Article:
Carlo Ratti

From Wikipedia, the free encyclopedia
Jump to: navigation, search
Carlo Ratti
Carlo Ratti in 2008
Carlo Ratti in 2008
Born 1971 (1971) (age 46)
Occupation Italian architect

Carlo Ratti (born 1971 in Turin, Italy) is an Italian architect, engineer, inventor, educator and activist founder of Carlo Ratti Associati and professor at the Massachusetts Institute of Technology where he directs the MIT Senseable City Lab, a research group that explores how new technologies are changing the way we understand, design and ultimately live in cities. He is also a founding partner of the international design office Carlo Ratti Associati, which he established in 2004 in Torino, Italy. Ratti was named one of the "50 most influential designers in America" by Fast Company[1] and highlighted in Wired Magazine's "Smart List: 50 people who will change the world."[2]

Ratti has been featured in Esquire Magazine’s 'Best & Brightest’ list[3] and in Thames & Hudson’s selection of ‘60: Innovators Shaping our Creative Future.[4] Blueprint Magazine included him as one of the ‘25 People Who Will Change Architecture and Design’,[5] Forbes listed him as one of the ‘Names You Need To Know’ in 2011.[6]

Early life and education[edit]

Ratti graduated from both the Ecole Nationale des Ponts et Chaussees in Paris, France, and the Politecnico di Torino in Italy. He later earned his MPhil and PhD degrees from the Martin Centre at the University of Cambridge, UK. In 2000 he moved to the Massachusetts Institute of Technology (MIT) as a Fulbright fellow, working with Hiroshi Ishii at the MIT Media Lab.


In a 2011 TED talk in Long Beach Ratti outlines the vision of an “architecture that senses and responds.”[7] Digital technologies are becoming networked and atomized, hence changing the interaction between humans and the built environment. It is as if our cities, buildings and objects were starting to “talk back to us”.[8] In a discussion with architect Peter Cook as part of the Royal College of Art 2011/2012 Architecture Lecture Series[9] in London Ratti traces back his vision to Michelangelo’s “why don’t you speak to me” and to the Baroque and Art Nouveau periods.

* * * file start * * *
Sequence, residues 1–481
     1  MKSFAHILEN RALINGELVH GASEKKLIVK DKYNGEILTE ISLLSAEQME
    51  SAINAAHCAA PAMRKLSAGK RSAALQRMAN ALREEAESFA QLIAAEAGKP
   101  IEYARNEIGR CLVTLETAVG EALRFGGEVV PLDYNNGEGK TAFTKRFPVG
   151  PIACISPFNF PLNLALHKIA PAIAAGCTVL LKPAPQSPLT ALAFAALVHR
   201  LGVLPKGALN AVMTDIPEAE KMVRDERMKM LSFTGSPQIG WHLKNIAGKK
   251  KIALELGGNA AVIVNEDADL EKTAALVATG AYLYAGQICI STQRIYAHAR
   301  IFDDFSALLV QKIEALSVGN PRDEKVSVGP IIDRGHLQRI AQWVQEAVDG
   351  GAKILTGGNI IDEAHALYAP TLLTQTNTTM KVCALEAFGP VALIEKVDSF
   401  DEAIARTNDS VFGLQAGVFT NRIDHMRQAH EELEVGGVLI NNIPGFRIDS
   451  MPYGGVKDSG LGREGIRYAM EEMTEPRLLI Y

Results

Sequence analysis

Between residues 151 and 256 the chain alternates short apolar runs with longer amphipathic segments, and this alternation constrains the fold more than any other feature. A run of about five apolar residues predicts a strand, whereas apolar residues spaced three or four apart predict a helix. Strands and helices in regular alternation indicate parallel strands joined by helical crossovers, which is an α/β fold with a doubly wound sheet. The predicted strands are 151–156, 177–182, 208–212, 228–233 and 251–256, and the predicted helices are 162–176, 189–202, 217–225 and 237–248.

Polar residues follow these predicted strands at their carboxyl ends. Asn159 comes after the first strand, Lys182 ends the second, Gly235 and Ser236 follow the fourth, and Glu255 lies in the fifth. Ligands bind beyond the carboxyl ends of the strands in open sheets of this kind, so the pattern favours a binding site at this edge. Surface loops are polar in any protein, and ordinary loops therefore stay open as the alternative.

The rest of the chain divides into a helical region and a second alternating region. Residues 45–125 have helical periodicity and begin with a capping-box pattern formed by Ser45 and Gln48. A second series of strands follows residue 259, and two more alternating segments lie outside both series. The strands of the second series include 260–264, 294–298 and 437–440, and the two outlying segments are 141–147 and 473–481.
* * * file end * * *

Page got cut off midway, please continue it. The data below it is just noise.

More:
Ratti's work deals with the built environment of cities—from street grids to plumbing and garbage systems—using new kinds of sensors and hand-held electronics that have transformed the way we can describe and understand cities. Other projects flip this equation—using data gathered from sensors to actually create dazzling new environments. The Copenhagen Wheel developed by MIT Senseable City Lab explores how any bicycle could be transformed into a network-connected e-bike by sampling changing a wheel hub. The project Trash Track uses electronic tracking to better understand and optimize flows of waste through cities. He has also opened a research center in Singapore as part of an MIT-led initiative on the Future of Urban Mobility.[10]

Ratti’s work has been seminal in the field of intelligent or smart cities. In an article[11] published in Scientific American together with Anthony M. Townsend, however, Ratti contrasts the prevailing technocratic vision of smart cities – highlighting instead the ‘human face’ of urban technologies and their potential in promoting bottom-up social empowerment.

Architecture and design[edit]